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Director:           Peter Farrelly

Stars:              Viggo Mortensen, Mahershala Ali

Running time: 130 mins

Ratings:           IMDB                      8.3      (IMDB score is weighted average of audience scores out of 10)

             Rotten Tomatoes    78%    (Rotten Tomatoes score is % of professional critic reviews that are

                                                                     positive)

Awards:          Three Oscars, three Golden Globes, one BAFTA

 

 Movie Trailer:

 

 

 Reviews:

The first solo film from Peter Farrelly is a step up in ambition from the rambunctiously crude comedies – including Dumb and Dumber and There’s Something About Mary – he directed with his brother Bobby. A flip of the Driving Miss Daisy dynamic, the film is based on the real-life friendship between Tony Lip (Viggo Mortensen), a blue-collar Italian American, and Dr Don Shirley (Mahershala Ali), the cultured African American concert pianist whom Tony is hired to drive on a tour of the still segregated deep south.

The period, 1962, is romanticised with a handsome palette that could have been lifted from an Edward Hopper painting. Pistachio greens, apricot and caramel, teal blue and lipstick crimsons all saturate the frame. It looks almost inviting – each scene wrapped in a snug embrace of nostalgia. But Farrelly’s sensitive approach to colour is confined to the look of the film. Green Book’s approach to race is at best naive and at worst jaw-droppingly ill-judged. There are jarring, tone-deaf scenes in which Tony, a man who previously threw away two glasses that had been used by African Americans, is suddenly an expert in black culture who introduces his employer to the joys of jazz and fried chicken.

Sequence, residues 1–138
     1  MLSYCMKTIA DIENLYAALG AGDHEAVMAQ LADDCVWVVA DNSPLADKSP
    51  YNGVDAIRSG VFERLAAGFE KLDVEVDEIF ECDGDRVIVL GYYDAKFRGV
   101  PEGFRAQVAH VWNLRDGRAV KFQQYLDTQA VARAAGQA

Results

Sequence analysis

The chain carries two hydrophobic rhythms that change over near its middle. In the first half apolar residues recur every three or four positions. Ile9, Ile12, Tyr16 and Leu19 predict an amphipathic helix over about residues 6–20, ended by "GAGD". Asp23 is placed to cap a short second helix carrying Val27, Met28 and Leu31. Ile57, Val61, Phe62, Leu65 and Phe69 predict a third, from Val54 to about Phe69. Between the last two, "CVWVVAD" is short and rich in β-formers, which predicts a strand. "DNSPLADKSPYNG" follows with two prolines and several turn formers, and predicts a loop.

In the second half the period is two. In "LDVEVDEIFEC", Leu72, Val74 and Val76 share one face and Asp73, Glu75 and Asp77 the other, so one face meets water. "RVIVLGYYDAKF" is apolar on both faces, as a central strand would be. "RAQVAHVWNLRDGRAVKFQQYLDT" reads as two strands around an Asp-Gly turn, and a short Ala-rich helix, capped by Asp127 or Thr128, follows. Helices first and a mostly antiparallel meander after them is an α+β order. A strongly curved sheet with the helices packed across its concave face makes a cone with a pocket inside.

What redeems the film, to a certain extent, is a superb performance from Ali. There is a patrician quality to his bearing as he sits, cashmere-wrapped and aloof, in the back of the car, wearied by the empty calories of Tony’s chatter. It’s a stark contrast to his public face, an automatic, unfelt smile tacked on to disarm the southern racists who view him as a novelty act rather than a world-class musician. Shirley’s dignified melancholy tips, occasionally, into provocative and self-destructive behaviour – Ali beautifully captures the complexity of the man who juggles whiskey-soured, morning-after regret with a stubborn pride in his true self.

WENDY IDE

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